If you still don’t hear back, it may be time to terminate the contract and send an invoice for any work done that isn’t covered by the deposit (you did get a deposit, right?). You should have language in your contract for how to do this and what kind of notice you or the client need to give in order to terminate the project. Follow it to the letter if you’ve given up on hearing back from them.
In some instances, just the notice that you’re going to terminate the contract can be enough to prompt action on the part of the client to get things rolling again. It’s up to you whether to continue with the project or move on at that point. Which you choose will likely depend on your relationship with the client and how large the project is. If you do decide to continue with the project, it’s a good idea to review deadlines and expectations again with the client.
When they ghost on an invoice…
You’ve finished the design, delivered it to the client, and sent the invoice. And then…crickets. The invoice due date passes with no payment. You send a follow-up invoice and still nothing from the client. You wonder if they hated the design, but from what you can tell it’s being used.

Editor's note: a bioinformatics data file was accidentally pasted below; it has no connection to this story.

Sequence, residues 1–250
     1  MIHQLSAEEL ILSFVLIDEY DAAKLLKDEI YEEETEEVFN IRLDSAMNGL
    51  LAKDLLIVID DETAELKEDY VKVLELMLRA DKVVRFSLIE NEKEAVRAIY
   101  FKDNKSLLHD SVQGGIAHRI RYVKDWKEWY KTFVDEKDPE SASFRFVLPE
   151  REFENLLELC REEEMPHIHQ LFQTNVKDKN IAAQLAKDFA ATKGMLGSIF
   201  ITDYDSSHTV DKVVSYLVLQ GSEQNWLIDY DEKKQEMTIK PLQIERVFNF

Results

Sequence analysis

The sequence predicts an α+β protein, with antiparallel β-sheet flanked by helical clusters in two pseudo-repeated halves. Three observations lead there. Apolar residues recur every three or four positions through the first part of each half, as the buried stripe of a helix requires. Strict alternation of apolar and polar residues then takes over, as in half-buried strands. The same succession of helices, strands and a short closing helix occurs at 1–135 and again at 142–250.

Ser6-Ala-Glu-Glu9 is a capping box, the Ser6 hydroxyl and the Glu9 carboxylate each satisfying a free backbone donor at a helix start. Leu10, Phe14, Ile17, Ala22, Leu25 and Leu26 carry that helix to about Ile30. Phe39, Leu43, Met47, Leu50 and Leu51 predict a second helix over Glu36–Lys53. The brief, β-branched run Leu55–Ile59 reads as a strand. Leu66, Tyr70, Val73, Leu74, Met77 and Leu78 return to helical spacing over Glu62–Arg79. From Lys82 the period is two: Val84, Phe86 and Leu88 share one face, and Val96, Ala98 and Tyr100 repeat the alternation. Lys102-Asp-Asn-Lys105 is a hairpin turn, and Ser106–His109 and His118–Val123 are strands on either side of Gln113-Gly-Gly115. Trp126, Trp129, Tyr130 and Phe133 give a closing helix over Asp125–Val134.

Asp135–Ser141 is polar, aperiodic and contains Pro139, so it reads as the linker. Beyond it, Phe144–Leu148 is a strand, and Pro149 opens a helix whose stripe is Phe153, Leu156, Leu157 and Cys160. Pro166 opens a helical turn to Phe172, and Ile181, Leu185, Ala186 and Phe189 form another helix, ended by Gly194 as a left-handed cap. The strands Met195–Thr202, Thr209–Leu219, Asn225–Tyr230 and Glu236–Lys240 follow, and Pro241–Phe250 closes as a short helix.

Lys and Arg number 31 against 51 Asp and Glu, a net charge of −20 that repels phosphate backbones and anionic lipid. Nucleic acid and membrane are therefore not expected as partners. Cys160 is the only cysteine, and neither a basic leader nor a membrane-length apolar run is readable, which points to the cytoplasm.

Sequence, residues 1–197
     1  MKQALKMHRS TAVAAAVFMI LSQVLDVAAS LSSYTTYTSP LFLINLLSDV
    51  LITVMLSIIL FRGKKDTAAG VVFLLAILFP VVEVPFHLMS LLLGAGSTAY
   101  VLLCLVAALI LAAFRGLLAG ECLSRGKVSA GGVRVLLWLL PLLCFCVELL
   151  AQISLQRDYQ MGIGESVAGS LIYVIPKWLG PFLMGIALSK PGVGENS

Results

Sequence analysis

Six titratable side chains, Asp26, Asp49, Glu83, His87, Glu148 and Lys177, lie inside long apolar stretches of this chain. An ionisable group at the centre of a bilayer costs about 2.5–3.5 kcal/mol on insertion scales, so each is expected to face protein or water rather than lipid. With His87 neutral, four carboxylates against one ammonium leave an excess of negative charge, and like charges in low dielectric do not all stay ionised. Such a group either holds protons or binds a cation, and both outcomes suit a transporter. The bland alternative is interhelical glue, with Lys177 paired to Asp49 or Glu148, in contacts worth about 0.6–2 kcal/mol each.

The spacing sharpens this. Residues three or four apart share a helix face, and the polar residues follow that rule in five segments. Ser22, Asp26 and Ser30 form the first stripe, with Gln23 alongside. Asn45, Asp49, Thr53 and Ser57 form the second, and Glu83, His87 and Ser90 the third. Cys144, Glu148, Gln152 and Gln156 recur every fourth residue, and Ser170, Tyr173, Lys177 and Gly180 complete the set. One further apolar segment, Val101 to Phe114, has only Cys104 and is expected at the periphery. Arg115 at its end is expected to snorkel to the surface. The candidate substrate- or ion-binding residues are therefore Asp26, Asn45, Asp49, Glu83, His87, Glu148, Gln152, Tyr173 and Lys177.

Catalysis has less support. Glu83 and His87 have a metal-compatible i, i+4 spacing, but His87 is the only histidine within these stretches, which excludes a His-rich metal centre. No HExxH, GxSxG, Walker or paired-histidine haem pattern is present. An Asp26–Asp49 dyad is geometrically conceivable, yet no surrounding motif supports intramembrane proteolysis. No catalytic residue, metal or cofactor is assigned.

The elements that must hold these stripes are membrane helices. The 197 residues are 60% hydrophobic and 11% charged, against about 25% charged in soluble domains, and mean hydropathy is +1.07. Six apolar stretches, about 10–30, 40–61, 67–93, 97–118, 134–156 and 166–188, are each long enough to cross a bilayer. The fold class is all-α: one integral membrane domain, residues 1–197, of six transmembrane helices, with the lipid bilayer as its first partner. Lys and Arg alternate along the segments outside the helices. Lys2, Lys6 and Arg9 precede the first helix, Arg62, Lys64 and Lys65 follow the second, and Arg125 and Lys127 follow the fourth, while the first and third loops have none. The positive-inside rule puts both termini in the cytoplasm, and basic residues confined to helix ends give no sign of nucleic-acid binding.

This is most designers’ worst nightmare. Being stiffed on an invoice can feel like a huge setback. Hopefully, there were payments made during the design process, so you aren’t out the full amount of the project. But that can still leave you with hundreds or thousands of dollars due (or more).
You have a few options when it comes to unpaid invoices and unresponsive clients. If the invoice amount was small, you may want to just set up recurring invoices to send every few weeks and hope they eventually get around to paying it. In all likelihood, they won’t, but it’s not always worth pursuing deadbeat clients if their balance due is only a couple or a few hundred dollars.
With larger unpaid bills, though, you’ll want to take more proactive steps to collect. A phone call to the client might get results, but it may take more than one call to get anywhere.